A sharp pain or a tight feeling in the chest, along with shortness of breath . . . By now, most of us have been briefed on the warning signs of a heart attack. But the American Heart Association says those are typical signs of a heart attack in men: for women, they can be different.
According to Teri Arnold, director of marketing and communications for the Association, it isn’t unusual for women to think they’ve come down with the flu.
“It could be a pain in your neck, could be a pain in the jaw, pain in your back, nausea,” she listed. “Sometimes the women have a shortness of breath for a number of weeks and don’t realize that it has something to do with their heart.”
The AHA recommends that all Hoosiers “know their numbers,” with an annual doctor’s visit to check blood pressure, fasting blood glucose levels, cholesterol levels, and weight. All can indicate risk factors for heart disease, and all can be controlled, to prevent a heart attack.
Arnold remarked that awareness of risk factors and symptoms is key, something that Gail Alexander Wright is now keenly aware of. She suffered a heart attack a few years ago at age 37, and had symptoms for weeks prior to the attack.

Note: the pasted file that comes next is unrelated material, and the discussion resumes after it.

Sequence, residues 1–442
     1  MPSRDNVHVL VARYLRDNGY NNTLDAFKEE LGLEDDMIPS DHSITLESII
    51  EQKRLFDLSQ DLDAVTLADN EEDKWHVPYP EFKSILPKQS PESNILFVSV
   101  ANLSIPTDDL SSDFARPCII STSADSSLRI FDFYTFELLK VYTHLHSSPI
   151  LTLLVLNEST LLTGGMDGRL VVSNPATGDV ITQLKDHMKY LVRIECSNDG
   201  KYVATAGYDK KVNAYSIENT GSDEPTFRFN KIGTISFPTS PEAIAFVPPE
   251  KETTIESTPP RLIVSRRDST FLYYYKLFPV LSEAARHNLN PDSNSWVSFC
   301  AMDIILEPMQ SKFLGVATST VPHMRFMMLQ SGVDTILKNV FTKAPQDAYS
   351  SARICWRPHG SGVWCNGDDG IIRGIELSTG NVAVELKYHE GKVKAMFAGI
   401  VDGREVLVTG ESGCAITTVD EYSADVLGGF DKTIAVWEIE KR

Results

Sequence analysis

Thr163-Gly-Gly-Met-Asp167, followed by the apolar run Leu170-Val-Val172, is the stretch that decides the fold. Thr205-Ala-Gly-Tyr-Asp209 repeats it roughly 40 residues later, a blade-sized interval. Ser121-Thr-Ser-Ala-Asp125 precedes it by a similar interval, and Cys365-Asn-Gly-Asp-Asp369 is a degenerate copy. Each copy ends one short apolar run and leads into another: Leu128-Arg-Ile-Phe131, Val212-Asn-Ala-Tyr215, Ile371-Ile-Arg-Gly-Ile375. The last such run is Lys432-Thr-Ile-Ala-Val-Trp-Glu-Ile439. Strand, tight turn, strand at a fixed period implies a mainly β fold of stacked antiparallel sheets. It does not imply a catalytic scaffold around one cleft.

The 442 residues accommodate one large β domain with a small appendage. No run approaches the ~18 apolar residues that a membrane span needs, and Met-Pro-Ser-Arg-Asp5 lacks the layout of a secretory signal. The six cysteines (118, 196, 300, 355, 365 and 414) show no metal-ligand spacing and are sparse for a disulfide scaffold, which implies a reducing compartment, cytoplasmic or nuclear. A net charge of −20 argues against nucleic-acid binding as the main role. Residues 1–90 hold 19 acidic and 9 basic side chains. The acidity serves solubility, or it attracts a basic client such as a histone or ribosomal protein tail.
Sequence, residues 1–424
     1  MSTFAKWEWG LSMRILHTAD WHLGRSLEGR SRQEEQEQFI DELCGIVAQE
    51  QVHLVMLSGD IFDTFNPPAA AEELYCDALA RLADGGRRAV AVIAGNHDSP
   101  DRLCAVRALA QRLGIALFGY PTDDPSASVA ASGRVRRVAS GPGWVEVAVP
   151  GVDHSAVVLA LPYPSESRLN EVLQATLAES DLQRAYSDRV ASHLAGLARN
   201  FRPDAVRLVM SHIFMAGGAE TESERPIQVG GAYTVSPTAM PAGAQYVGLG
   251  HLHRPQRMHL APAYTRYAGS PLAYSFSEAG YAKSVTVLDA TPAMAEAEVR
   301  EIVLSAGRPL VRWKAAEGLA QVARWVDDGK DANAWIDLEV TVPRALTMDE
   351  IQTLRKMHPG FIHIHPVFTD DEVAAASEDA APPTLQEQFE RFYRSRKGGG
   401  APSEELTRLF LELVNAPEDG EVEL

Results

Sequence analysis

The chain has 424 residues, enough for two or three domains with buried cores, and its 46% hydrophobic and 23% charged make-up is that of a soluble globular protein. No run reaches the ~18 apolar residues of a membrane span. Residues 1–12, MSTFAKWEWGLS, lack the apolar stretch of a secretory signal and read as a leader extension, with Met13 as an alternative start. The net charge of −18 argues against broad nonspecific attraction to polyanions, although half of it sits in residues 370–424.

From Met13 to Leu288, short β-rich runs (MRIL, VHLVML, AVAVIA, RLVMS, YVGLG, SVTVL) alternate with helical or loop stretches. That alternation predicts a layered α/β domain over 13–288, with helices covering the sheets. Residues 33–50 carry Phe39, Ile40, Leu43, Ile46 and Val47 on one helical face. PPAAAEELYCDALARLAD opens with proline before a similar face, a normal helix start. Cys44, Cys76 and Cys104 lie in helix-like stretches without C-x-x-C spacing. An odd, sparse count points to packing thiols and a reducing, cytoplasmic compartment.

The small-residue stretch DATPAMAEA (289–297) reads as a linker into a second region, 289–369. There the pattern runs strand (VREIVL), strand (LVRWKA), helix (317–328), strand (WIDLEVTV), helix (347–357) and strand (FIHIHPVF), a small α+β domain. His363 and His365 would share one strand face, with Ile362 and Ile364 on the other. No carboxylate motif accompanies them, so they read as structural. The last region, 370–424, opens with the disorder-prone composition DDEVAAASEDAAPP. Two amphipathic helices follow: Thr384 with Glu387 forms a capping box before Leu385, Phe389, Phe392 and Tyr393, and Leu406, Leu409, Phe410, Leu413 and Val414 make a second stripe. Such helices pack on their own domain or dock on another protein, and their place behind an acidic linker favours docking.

“I had pain in the left side of my neck for three weeks straight,” she said. “It would go away, come back, go away, come back, and then the tightening of the jaw, on and off, for three weeks.”
Teri Arnold noted that there are many misconceptions about women and heart disease. Some people assume you have to be older to have a heart attack, or that they’re not common for women. She suggested letting your primary care physician know if there’s a family history of heart trouble, and asking for tests at doctor visits. She added that the AHA is working to educate doctors and hospitals about the risk factors for women.